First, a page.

With the sudden emergence of COVID-19, companies once hesitant to embrace remote working arrangements have been forced to allow employees to operate from home. The results have been surprisingly positive, leaving some organisations to wonder why they didn’t do it sooner.
An employer cannot unilaterally change an employee’s retirement age. Should the employer do so and terminate the employee’s employment, the dismissal may constitute an automatically unfair dismissal and amount to unfair discrimination.
The Labour Court in a recent judgment, Mthobisi Mthimkhulu v Standard Bank of South Africa (J928/20) (18 September 2020) considered whether an employee who has been found guilty of serious misconduct can avoid the ultimate sanction of dismissal by resigning before the employer imposes the sanction.
COVID-19 continues to re-define the way we live and work. Over the past few months, organisations have had to re-imagine the way they work and embrace a fundamentally different approach to operating in this ‘new normal’. Remote working at the current scale became a necessity, and for the most part, it has worked.
At various stages during the COVID-19 pandemic in South Africa, various studies were released on the negative impact that COVID-19 will have on the construction sector. Some studies predicted that the sector could experience a total of 140,000 job losses.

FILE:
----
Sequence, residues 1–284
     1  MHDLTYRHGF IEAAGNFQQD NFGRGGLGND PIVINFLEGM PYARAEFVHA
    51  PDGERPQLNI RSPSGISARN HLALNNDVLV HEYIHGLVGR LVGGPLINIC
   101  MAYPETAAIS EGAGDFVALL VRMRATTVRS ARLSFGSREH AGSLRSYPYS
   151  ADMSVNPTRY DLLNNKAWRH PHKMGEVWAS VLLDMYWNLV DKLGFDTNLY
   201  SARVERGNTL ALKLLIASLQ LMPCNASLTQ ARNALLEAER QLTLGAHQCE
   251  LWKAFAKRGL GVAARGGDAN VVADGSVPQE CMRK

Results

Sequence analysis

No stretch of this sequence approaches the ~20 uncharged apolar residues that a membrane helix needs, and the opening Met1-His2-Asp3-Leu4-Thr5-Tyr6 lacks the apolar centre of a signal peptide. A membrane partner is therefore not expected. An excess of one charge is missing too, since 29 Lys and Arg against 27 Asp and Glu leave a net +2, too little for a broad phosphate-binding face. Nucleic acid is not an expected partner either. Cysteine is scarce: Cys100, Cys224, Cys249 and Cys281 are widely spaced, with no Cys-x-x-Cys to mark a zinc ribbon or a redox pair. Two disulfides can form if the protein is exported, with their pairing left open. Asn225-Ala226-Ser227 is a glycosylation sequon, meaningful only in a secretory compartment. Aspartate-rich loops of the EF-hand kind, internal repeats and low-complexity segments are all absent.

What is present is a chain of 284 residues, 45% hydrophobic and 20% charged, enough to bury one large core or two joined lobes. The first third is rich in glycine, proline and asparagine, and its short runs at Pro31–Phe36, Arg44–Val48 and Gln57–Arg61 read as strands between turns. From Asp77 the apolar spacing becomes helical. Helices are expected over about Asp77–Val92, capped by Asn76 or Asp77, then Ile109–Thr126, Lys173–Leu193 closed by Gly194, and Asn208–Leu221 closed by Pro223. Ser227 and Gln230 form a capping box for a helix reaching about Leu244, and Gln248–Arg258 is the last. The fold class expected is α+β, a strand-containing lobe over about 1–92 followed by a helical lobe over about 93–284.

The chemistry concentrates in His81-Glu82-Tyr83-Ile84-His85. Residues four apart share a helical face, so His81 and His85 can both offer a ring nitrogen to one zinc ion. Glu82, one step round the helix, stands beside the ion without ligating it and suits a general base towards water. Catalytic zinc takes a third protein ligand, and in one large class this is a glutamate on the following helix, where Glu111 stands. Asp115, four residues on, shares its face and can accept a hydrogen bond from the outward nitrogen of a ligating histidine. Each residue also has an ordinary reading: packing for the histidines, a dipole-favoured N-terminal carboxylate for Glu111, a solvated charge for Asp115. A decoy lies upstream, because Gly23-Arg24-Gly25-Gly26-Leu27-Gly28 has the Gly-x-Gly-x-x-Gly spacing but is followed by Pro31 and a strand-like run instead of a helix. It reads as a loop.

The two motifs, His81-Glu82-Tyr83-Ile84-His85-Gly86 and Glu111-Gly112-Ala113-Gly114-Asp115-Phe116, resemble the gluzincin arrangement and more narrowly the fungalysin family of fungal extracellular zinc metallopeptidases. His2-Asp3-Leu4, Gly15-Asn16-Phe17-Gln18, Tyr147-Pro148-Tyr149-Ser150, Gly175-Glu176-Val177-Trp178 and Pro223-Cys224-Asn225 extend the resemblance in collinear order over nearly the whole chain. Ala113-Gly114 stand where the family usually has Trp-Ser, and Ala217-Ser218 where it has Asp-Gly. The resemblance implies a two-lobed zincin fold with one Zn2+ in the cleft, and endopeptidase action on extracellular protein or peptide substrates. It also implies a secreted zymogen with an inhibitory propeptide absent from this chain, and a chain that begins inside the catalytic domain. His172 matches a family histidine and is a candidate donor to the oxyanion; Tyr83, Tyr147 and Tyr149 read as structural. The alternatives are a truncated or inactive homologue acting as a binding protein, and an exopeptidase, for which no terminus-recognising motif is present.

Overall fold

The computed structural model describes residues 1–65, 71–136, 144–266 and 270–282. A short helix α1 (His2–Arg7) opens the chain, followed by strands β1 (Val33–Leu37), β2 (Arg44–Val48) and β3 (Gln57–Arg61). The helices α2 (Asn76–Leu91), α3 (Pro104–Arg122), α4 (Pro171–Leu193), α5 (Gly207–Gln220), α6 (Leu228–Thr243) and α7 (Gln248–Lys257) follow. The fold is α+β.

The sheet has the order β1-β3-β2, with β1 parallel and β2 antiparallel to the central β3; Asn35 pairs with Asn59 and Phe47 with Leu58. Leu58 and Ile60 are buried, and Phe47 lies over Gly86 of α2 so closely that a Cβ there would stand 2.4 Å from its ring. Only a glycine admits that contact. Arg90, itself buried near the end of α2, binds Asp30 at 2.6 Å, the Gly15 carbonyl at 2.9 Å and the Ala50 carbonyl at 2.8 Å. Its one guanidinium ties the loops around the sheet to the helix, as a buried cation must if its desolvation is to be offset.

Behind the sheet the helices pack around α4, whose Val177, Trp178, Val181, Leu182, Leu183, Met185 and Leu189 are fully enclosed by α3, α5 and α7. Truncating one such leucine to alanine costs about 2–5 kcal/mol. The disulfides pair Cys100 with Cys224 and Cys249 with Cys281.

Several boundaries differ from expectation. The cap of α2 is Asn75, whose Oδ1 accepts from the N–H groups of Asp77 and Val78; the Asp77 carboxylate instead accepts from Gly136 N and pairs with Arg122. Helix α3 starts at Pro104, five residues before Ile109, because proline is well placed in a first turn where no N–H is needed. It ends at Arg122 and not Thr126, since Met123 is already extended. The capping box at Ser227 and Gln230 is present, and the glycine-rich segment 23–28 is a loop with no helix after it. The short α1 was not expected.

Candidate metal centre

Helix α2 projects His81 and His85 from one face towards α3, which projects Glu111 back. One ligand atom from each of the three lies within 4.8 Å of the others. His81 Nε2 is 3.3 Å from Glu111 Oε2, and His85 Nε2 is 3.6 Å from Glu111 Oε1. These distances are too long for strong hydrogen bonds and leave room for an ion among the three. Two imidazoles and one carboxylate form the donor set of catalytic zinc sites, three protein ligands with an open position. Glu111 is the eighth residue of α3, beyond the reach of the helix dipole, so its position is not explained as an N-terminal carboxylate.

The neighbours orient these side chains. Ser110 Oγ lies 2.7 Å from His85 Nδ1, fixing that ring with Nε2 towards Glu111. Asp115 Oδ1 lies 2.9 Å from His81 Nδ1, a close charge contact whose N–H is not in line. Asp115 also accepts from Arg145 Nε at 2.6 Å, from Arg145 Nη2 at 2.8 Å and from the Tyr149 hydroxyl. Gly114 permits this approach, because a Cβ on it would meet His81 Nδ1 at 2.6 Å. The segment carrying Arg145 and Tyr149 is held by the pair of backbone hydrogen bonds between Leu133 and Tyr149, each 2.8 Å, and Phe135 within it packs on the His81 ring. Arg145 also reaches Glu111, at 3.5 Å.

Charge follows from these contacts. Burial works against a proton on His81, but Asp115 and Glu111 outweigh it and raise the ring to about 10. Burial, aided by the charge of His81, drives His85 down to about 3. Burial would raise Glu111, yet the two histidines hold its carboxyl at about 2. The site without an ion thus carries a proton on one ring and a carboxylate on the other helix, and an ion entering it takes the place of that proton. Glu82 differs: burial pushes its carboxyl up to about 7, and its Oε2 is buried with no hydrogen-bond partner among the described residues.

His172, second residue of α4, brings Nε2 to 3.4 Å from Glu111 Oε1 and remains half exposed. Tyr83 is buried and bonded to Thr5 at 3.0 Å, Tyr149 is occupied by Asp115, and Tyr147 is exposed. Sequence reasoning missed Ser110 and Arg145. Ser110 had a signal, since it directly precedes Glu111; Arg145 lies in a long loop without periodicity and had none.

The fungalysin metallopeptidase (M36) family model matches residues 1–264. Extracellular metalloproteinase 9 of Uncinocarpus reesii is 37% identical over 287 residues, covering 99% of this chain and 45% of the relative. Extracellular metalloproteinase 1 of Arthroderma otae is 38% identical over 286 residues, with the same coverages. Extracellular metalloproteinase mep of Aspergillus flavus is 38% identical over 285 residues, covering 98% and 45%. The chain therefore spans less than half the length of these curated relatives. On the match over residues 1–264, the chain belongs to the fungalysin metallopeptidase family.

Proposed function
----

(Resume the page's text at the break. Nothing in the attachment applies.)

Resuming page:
At first, the lockdown added some notable benefits to the employee’s life. They didn’t have to sit in traffic for hours. They could wake up a little later and work a little longer. They could wear their pyjamas at the desk and they discovered that they were far more productive in this new world of work.
In a recent judgment, Gold One Limited v Madalani and Others (JR 1109/15)  ZALCJHB 180 (9 September 2020), the Labour Court confirmed that intolerability is a high threshold in constructive dismissal matters. Intolerability is more than a working environment or working under employment conditions that are difficult, unpleasant or stressful.
The Code Of Good Practice On The Protection Of Employees During Pregnancy And After The Birth Of A Child (The Code) is aimed at protecting pregnant and post-pregnant employees, and obliges employers to implement a series of appropriate measures to protect pregnant or breast-feeding employees from hazards at the workplace.
Have you ever dreamed of turning your hobby or into your full-time job? The current economic environment may provide many good reasons to do so, and we have five helpful tips to help you get started turning your hobby into an income generating career.
With the reopening of many more industries in South Africa’s alert level 1, companies – particularly those in the manufacturing and engineering sectors – will have to further prepare for the return of more employees to the workplace.